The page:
Neuralgias, such as the greater, lesser, or third occipital neuralgias, affect similar regions at the back of the head. In contrast to patients with CEH, those with neuralgia often use terms such as “stabbing,” “jabbing,” or “shooting” to describe the pain intensity. In addition, neuralgias do not typically present with associated facial or trigeminal-referred pain. The reason for this observation is that the purported mechanism underlying the development and progression of CEH is the convergence of sensory inputs at the trigeminocervical nucleus (3, 4). A connection between the trigeminal and cervical nerves was postulated in the late 1940s (5), but it was only in 1961 that Frederick Kerr hypothesized a pathogenetic model for headache stemming from the cervical region and the posterior fossa (6). The trigeminal spinal nucleus comprises a rostral subnucleus oralis, a middle subnucleus interpolaris and a caudal subnucleus caudalis (7). The pars caudalis of the spinal tract nucleus of the trigeminal nerve is continuous with the grey matter of the dorsal horns of the spinal cord (8). The spinal terminals of the small sensory fibers enter the cord from the lateral part of the entry zone and have collateral branches that may ascend or descend for up to 3 segments, in the Lissauer’s tract, before synapsing in the dorsal horn laminae (9, 10). Therefore, along with the 3 upper segments, the middle and lower part of the neck may also be involved in the development of CEH (1113).

These changes in neural connectivity are also evident in the findings of neurophysiological tests. The eyeblink reflex (BR) is mediated via the afferent fibers to the trigeminal sensory nuclear complex and their central connections in the trigeminal nucleus. The R1 and R2 components of the BR are mediated via the tactile Aβ afferent fibers. The R3 components are mediated via the thinly myelinated Aδ fibers. Sand et al. (14) compared the BR in patients with CEH, tension-type headache, and migraine with that in the controls. The initial study showed that shorter R1 latencies were found on the symptomatic side than on the asymptomatic side in patients with CEH. In a later study, they reported that stimulation of the symptomatic side in patients with CEH showed a decrease in the R2 duration and the amplitude of the R2 component. These findings point to an associated brainstem hyperactivity (15, 16), possibly involving the ipsilateral trigeminal nucleus.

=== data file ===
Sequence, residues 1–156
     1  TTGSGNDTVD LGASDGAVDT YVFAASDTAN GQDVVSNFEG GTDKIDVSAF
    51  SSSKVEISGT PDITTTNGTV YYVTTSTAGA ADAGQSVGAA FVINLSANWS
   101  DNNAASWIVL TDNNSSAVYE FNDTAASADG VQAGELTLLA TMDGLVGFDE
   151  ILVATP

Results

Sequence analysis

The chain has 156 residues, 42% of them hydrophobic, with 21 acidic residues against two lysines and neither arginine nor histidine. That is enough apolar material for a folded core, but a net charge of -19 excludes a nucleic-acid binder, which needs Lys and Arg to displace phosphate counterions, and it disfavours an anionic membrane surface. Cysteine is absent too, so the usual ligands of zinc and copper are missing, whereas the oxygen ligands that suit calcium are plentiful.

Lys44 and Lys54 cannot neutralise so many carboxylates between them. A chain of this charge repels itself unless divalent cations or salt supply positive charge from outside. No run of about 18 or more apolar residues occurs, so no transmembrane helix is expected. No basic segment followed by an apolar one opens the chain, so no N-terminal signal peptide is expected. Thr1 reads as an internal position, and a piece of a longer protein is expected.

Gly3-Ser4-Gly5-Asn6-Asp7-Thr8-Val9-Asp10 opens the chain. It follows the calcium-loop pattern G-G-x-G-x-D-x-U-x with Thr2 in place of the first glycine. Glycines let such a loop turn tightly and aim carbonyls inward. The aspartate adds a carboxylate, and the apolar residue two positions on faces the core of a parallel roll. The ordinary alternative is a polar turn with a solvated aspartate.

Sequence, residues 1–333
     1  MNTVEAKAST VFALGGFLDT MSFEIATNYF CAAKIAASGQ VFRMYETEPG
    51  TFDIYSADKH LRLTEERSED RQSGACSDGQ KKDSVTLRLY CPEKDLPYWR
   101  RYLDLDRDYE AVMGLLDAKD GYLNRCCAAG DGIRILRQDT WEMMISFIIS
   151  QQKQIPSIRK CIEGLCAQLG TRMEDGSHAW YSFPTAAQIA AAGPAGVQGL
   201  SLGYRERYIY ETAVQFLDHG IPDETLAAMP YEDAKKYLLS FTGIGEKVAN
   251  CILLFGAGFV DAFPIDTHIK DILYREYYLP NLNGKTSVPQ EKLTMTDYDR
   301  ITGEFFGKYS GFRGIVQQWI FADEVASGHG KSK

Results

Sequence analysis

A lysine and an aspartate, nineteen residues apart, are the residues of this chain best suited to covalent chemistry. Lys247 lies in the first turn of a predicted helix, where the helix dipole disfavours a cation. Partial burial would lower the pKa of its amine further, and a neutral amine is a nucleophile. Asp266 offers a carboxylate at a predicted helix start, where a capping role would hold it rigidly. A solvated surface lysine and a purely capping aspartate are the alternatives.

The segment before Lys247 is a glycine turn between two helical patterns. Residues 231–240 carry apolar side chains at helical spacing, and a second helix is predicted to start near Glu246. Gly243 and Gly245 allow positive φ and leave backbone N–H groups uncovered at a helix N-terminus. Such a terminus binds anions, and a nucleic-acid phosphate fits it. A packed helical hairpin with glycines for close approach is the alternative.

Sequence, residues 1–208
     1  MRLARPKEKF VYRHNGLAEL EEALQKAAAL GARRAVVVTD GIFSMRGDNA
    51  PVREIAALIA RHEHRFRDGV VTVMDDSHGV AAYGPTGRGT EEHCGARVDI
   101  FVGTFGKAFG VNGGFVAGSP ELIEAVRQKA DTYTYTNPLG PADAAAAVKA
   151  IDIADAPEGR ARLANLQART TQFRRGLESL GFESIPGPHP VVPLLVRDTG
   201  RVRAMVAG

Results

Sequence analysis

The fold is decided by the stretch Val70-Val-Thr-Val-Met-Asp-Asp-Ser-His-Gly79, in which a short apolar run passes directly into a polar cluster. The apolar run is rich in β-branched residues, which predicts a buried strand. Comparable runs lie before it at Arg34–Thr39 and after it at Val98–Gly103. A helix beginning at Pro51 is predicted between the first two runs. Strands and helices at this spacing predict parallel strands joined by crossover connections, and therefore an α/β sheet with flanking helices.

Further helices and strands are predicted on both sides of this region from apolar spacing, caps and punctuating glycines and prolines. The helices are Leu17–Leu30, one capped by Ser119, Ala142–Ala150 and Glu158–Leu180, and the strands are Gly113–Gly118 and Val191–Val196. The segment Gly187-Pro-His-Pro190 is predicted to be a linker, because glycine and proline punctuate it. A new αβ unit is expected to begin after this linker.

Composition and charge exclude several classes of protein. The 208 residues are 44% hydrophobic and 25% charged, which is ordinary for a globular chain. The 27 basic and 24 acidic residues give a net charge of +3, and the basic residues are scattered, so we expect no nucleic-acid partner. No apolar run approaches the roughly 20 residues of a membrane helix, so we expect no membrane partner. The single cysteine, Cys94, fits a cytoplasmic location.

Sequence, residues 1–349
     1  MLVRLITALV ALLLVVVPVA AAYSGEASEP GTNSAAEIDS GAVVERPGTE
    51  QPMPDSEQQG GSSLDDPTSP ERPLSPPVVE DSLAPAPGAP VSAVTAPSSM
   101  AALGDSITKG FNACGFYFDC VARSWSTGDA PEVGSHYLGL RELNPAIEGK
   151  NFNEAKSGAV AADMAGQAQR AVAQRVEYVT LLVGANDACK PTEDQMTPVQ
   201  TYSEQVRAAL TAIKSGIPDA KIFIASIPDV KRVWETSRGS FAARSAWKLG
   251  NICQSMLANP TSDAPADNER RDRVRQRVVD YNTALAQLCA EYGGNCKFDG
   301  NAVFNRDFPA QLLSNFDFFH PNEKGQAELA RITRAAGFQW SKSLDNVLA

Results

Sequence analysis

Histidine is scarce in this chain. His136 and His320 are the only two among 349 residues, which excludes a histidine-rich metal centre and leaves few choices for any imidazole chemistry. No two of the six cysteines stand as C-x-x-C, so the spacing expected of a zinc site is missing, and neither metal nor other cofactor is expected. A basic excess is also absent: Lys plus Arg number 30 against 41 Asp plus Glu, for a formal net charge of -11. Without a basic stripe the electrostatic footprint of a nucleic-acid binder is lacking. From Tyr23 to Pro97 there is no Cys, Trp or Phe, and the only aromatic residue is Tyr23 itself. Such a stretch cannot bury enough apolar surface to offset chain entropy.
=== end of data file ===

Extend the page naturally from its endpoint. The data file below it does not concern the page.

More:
The findings of the quantitative sensory testing (QST) of trigeminal hypersensitivity were consistent with those of the above-mentioned neurophysiological study. La Touche et al. (17) have reported that, compared to the pain-free controls, patients with chronic neck pain showed sensitivity to bilateral mechanical pain over the face. In these patients, pressure hyperalgesia was found over both the masseters and temporalis muscles, but not over the tibialis anterior muscle (reference area). However, Chua et al. (18) have shown that, compared to chronic neck pain patients without CEH, those with CEH showed lateralization of pressure hyperalgesia accompanied by thermal hyperesthesia on the painful side of the face. Their suggestion of a rostral neuraxial spread of central sensitization, probably to the ipsilateral trigeminal spinal nucleus, is consistent with Kerr’s (6) hypothesis.

Understanding the mechanisms underlying the development of CEH is the first step toward providing these patients with a better treatment outcome. This understanding will help rationalize the proposed mechanistic approaches that target central sensitization, ablative therapies that focus on primary nociceptive sources, and physical therapies that help relieve pain in secondary areas.

Footnotes